• Social Self-Care – Humans are social beings, and loneliness over an extended time can lead to several health conditions, including mental health issues such as depression, anxiety, stress, and Alzheimer’s disease, as well as physical health problems such as high blood pressure, heart disease, and obesity.
Socialising with others enables us to relieve stress and manage our emotions more effectively. It also keeps us mentally active, which helps to prevent cognitive decline. In addition, cultivating healthy relationships and avoiding damaging relationships helps us to reduce stress in our lives and achieve a better quality of life.
• Mental Self-Care – Practising activities that keep your mind active helps you maintain good cognition, which enables better focus and motivation. Focusing your mind on a task is also a form of mindfulness, which is an effective stress relief tool. This can include engaging in hobbies such as puzzles, learning a language, and mindfully consuming media such as music or films, as well as doing activities (such as meditation) that help you stay mentally healthy.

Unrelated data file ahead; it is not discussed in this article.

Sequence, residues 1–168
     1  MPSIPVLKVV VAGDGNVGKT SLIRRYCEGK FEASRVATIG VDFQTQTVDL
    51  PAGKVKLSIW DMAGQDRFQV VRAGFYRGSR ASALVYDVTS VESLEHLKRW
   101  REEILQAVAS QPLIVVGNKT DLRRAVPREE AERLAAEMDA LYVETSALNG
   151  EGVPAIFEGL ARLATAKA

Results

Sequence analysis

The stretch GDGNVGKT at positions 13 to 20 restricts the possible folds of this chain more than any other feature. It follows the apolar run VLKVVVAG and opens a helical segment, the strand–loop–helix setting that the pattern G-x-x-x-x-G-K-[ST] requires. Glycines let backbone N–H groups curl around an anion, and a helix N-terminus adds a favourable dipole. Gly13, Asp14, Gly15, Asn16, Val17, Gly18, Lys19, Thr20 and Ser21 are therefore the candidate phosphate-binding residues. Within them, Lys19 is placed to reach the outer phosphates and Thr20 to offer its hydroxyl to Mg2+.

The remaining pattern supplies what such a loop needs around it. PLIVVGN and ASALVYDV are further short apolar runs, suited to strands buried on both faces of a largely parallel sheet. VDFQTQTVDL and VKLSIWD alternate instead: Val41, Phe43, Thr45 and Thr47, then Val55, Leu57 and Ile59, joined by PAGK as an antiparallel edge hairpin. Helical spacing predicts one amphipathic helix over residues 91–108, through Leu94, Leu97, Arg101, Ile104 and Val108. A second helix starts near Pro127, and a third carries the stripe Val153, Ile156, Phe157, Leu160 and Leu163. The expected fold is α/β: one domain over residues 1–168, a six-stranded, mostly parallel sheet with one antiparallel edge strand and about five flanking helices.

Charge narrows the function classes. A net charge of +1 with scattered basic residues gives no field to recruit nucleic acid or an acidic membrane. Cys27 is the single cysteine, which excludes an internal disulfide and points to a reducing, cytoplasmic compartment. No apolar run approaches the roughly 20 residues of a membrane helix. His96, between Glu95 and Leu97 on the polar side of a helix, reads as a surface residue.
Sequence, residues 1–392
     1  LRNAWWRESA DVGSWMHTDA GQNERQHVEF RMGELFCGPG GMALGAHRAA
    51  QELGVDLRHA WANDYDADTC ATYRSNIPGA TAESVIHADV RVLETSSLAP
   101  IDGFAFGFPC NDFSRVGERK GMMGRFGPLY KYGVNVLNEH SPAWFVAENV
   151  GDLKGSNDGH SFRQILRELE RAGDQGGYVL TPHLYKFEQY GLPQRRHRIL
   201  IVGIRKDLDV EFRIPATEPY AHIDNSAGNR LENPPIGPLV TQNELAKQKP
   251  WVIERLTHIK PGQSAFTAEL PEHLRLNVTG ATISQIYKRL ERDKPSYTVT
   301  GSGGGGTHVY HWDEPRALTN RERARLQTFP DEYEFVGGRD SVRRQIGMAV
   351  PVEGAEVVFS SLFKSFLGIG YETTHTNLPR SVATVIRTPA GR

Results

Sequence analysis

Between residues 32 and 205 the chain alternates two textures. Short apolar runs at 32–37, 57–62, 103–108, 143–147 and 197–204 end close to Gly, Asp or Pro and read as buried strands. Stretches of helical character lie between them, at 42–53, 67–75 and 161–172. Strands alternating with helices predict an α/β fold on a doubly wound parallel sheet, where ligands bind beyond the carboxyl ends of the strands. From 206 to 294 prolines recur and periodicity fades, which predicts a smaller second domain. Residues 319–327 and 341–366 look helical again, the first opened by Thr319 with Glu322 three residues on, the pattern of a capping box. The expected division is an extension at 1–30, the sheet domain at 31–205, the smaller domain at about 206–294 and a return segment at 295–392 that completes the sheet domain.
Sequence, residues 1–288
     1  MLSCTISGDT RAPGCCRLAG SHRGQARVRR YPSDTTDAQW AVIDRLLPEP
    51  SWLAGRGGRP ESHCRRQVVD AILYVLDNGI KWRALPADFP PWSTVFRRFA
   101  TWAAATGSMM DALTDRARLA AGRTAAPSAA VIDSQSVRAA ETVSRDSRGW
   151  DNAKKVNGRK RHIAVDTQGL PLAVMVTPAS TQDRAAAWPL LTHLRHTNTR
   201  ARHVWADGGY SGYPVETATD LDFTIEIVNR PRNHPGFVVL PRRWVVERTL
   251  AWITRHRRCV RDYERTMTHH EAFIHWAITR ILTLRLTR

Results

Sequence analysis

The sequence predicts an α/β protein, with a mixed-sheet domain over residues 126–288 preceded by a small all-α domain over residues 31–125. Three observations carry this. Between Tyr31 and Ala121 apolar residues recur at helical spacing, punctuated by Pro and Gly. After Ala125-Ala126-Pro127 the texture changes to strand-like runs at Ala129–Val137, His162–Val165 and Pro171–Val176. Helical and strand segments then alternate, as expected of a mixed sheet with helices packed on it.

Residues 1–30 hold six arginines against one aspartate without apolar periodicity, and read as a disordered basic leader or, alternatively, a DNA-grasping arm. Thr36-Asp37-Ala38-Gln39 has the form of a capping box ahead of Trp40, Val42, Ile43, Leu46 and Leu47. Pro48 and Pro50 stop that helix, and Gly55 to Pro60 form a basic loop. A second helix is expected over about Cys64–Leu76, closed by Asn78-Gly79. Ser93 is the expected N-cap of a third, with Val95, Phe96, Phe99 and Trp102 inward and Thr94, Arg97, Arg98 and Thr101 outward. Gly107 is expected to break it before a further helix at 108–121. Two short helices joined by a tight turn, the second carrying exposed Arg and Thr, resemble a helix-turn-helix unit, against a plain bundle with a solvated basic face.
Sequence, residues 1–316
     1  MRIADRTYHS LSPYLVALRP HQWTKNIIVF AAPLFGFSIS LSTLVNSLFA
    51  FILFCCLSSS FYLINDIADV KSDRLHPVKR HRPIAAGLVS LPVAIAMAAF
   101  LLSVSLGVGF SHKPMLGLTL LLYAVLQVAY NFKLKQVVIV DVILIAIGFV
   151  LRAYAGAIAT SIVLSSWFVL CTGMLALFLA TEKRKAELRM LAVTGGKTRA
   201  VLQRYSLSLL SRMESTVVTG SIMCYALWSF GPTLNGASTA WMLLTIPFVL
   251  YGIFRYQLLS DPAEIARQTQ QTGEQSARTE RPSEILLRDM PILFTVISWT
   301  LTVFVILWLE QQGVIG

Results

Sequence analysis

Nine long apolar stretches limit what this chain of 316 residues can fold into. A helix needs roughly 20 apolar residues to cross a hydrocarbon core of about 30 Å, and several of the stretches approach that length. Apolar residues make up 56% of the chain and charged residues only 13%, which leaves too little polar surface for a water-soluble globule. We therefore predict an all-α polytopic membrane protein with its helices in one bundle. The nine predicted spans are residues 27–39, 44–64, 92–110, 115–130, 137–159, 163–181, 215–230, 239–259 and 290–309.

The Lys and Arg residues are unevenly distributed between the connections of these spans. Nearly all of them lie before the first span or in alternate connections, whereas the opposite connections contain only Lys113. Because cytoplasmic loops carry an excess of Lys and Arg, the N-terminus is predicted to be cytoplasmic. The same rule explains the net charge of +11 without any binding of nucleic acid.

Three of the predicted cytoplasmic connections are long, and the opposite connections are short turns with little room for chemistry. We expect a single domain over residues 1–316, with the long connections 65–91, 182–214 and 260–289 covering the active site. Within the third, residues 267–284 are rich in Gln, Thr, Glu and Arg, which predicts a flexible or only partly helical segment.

• Emotional Self-Care – Practising skills and activities that help you to regulate your emotional health is essential for mental wellbeing. These can include activities that help to relieve stress, or can simply involve sharing your feelings with someone close to you. You may also have unhelpful coping strategies that you need to unlearn, such as having an unhealthy relationship with food, or engaging in self-harming behaviours.
• Spiritual Self-Care – Spiritual self-care may, for some people, involve prayer, rituals, or connecting with a spiritual community such as a church. But spiritual self-care does not have to involve religion, and can simply involve spiritually fulfilling activities such as spending time in nature or creating art.
Some Top Tips For Effective Self-Care